Re: More about the morphology of the noun in my NPL
|From:||Christophe Grandsire <grandsir@...>|
|Date:||Monday, August 30, 1999, 6:40|
> > long form short form
> > my (inanimate) -(u)darc /(@)d@Rk/
> > -(a)c /(@)k/
> > my (animate) -(u)tarc /(@)t@Rk/
> This morphology looks decidedly Arabic. Here is the Maltese version:
I didn't think of it but now that you say that, You're very right.
> ktiebi - my book
> ktiebek - thy book
> ktiebhu - his/its book
> ktiebha - her/its book
> ktiebna - our book
> ktiebkom - your book
> ktiebhom - their book
> Of course, it gets complicated when you start talking about *books*. The
> root becomes kutub iirc.
> > this/that (inanimate) -(o)cei /(@)k@j/
> > -(r)i /(R)@/
> > this/that (animate) -(o)ceiri /(@)k@jR@/
> The Arabic comparision breaks down here. Maltese has:
> dik il-ktieb
> this the-book - this book
> dak il-ktieb
> that the-book - that book
> > resumptive (inanimate) -(e)pas /(@)p@s/
> > -(e)p /(@)p/
> > resumptive (animate) -(e)pasfu /(@)p@sP@/
> You lost me here. What means "resumptive"? I *think* it is like my Demuan
> bi/ber (glossed as "said ..."), but I'm not sure. Maybe I just never met teh
> formal name for the term before.
I think the formal term is "resumptive", but maybe I made a mistake. I
think it is something like the Latin is, ea, id, a pronoun or adjective
that reminds what has just been said.
> > The
> > demonstrative (this/that) has only one level of distance (like "ce" in
> > French). Like in French, adverbs or particles can be used to specify.
> > The demonstrative has only a spatial/temporal meaning, the resumptive is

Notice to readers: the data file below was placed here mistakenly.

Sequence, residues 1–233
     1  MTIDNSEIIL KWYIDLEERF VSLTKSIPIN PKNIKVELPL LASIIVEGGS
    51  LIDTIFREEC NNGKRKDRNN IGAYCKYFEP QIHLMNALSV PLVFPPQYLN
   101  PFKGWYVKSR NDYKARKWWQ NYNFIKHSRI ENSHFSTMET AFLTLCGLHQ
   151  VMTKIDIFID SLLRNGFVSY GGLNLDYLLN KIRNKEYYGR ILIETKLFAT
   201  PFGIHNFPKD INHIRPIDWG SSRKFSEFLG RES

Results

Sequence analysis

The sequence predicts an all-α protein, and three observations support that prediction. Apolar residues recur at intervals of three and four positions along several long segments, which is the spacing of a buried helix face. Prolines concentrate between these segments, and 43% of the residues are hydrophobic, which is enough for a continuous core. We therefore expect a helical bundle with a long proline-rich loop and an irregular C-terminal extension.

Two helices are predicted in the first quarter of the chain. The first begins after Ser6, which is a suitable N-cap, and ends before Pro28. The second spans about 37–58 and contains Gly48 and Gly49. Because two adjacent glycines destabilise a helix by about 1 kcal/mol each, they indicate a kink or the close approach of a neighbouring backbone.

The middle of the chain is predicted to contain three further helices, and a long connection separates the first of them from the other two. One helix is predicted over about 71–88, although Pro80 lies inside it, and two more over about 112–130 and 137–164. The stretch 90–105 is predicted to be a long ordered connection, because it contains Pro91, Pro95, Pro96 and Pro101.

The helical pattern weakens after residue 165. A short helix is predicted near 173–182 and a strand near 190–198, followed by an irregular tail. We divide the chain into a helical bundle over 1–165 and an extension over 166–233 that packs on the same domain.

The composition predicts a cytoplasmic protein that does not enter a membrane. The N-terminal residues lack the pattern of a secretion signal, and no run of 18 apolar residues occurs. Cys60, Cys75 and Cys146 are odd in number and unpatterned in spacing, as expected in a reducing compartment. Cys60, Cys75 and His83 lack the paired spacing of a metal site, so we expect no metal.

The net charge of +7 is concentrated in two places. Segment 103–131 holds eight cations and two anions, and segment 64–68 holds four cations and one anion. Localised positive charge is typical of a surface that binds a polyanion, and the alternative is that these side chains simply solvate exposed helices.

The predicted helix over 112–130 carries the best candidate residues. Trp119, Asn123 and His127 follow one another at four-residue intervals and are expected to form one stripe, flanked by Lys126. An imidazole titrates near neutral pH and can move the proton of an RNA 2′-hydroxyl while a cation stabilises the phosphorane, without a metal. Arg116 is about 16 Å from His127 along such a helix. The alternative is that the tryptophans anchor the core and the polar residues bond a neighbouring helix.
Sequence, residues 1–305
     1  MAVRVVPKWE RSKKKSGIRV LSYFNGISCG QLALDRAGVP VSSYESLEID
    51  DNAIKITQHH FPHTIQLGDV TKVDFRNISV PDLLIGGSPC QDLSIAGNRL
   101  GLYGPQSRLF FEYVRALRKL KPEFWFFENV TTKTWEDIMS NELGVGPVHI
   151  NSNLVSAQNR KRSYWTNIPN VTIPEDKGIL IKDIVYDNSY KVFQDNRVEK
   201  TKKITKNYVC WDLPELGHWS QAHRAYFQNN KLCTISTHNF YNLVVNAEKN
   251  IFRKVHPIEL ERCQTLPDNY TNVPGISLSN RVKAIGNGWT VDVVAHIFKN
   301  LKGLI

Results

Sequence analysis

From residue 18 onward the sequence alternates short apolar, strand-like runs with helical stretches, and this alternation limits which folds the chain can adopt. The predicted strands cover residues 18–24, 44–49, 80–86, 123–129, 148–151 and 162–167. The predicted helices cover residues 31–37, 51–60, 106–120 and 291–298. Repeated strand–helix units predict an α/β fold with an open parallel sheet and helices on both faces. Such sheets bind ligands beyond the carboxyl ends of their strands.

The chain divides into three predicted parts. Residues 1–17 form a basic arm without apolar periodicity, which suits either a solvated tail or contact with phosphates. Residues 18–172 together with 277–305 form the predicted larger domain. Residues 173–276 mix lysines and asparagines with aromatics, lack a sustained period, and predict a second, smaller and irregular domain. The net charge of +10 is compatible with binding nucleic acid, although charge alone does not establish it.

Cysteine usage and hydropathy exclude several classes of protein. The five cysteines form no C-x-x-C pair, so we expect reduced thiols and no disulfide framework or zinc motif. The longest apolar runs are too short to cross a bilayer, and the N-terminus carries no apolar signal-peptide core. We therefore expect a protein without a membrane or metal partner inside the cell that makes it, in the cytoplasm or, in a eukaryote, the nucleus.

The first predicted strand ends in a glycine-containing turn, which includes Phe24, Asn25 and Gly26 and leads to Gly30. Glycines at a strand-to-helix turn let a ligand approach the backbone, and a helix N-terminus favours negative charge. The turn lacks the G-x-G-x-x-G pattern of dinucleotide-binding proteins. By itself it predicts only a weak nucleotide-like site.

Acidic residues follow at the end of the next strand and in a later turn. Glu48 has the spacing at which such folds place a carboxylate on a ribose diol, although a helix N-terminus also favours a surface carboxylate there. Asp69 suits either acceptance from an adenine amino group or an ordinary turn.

> > used to refer to the last idea discussed. This suffix can also be used
> > with the construct state (even in short form, that's an exception) to
> > show a thing possessed by the last thing discussed, whatever it is
> > (animate or inanimate).
> > smar: book -> smaredarc /smaR'ed@Rk/: my book (formal)
> > smarc /sm'aRk/: my book (informal)
> > esmarc /Esm'ark/: my books (informal)
> > pecar: dog -> apecarzleva /apk'aRzl@v@/: her dogs (formal)
> > opecarh /opk'aRtS/: his/her dogs (informal)
> > pecarpasfu /pek'aRp@sP@/: this dog (which we've just
> talked > about)
I use this place to correct some things. I was busy with real life and
didn't take the time to re-read my post, and of course I made everything
wrong. As I said, those suffixes don't attract the stress. Hence the
stress in those words doesn't fall on the last syllable and must be
marked by an umlaut (on the other hand, the phonetic transcriptions are
right). So smaredarc is in fact smare"darc, apecarzleva is apeca"rzleva
and pecarpasfu is peca"rpasfu.
> I just realised taht except for the formal verb endings for
> historic/prophetic tenses, I have nothing to indicate formality levels. And
> those endings are really used to mark distance in time rather than
> formality, its just that you dont tend to talk about events of ancient
> history/far flunf future except in a formal context.
The distinction between the long and short suffixes is not only about
formality. I decided to mess the things a little. For example, the
object of a verb is often incorporated in the verb (between the stem and
the subject suffix), and in this case, only the short forms of the
suffixes can be used.
> If a flying horse ye see, mock ye not if it stays up not.
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